East Canada Terminal Invests in New Lifting Equipment


Halterm International Container Terminal, Eastern Canada’s only facility capable of handling container vessels of 10,000-plus TEU capacity, will extend its container and reefer handling capabilities with $10 million worth of new equipment over the next 12 months.

A mix of Konecranes’ Reach-Stackers, Rubber Tired Gantry (RTG) cranes and top lift forklifts will build on Halterm’s increased container traffic through 2016 and the first half of 2017.

The terminal expects that three new ‘one over five’ RTGs from Konecranes will arrive in 2018.

They will span six lanes and allow Halterm to stack containers five-high across import and export zones – an effective increase in yard capacity of 160,000TEU, up 40% overall.

Learn more about Konecranes' container lifting equipment

These developments will support the terminal’s existing five ship-to-shore crane operation by providing carriers congestion-free operations over more than a kilometer of quay, at three berths between 14-16 metres draft.

Halterm maintains a basic workforce of more than 100 longshoremen, handling services for Ocean Alliance partners CMA CGM, Evergreen, Cosco and OOCL, as well as Zim Integrated Shipping, Maersk Line, Tropical Shipping, Eimskip, Melfi, TMSI and weekly domestic service to Newfoundland with Oceanex.

Read about terminal handling performance in Konecranes' research paper, 'Automation and Electric Drives', written by Dr-Ing Armin Wieschemann, Senior Director of Global System Development

Kim Holtermand, CEO, said: “Halterm provides global container carriers with fast and efficient access to eastern Canada and the Halifax supply-chain reaches far inland and to the US Midwest.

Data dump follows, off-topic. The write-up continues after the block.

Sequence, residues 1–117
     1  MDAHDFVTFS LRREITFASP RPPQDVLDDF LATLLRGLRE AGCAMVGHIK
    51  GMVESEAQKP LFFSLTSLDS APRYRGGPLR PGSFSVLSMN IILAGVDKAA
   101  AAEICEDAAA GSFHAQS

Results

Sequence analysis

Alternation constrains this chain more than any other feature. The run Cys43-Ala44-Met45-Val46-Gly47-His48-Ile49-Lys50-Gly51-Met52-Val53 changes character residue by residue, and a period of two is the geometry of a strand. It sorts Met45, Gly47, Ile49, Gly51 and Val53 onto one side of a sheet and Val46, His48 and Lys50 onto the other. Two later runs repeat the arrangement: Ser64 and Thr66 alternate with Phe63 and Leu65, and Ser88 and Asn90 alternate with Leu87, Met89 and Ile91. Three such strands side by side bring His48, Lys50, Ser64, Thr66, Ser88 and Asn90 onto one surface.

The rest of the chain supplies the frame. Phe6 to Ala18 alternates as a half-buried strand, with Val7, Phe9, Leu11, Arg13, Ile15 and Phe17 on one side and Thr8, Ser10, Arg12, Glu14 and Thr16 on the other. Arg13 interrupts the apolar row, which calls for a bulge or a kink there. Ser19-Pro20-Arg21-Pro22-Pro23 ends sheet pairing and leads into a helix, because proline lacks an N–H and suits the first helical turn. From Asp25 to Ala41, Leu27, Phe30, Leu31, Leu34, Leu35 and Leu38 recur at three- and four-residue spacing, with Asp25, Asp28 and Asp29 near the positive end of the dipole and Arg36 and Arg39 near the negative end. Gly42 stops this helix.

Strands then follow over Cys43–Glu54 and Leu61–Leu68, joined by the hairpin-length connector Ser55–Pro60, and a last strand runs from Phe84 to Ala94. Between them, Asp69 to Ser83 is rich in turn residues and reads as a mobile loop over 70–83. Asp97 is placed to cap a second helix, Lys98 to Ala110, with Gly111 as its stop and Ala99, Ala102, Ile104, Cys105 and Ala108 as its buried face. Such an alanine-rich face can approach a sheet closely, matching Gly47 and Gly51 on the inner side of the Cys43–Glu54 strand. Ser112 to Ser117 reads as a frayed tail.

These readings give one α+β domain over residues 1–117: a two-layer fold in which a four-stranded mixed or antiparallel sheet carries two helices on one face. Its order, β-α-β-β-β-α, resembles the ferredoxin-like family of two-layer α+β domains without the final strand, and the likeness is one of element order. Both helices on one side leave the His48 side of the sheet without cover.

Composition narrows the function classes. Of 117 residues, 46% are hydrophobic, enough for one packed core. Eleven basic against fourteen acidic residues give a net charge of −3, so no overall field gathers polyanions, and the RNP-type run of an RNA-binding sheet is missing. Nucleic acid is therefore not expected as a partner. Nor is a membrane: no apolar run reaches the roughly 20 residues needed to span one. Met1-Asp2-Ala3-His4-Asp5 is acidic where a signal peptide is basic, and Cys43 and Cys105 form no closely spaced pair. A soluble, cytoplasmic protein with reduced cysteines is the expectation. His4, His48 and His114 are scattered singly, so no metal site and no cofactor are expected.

“After significant ship-to-shore crane investments delivered into the operation in early 2014, it is the right time to bring on new rubber-tired gantry cranes (RTGs) which will be arriving in February 1 and October 2 of next year.”

Halterm is in the process of optimizing its existing container yard, which involves the removal of three redundant 1970’s era ship-to-shore crane assets and the addition of new reefer capacity – an increase of more than 25% to over 600 reefer plugs.

Holtermand added: “Our five active ship-to-shore cranes, with outreach up to 22 containers wide are in excellent working condition and still under-utilised with current berth commitments.

“It is the right time to get out ahead of our customer’s service requirements, amid rising volumes and deliver in all areas of the container facility.”

Konecranes’ Executive Vice President, Mika Mahlberg, has told Port Technology that automation will eventually come to every terminal due to its affordability and suppliers’ readiness to develop it:

Read more: Bharat Mumbai Container Terminals, part of India’s largest container gateway and an owned subsidiary of PSA International, has started preparing for operations by ordering a further 18 Konecranes Noell RTG cranes

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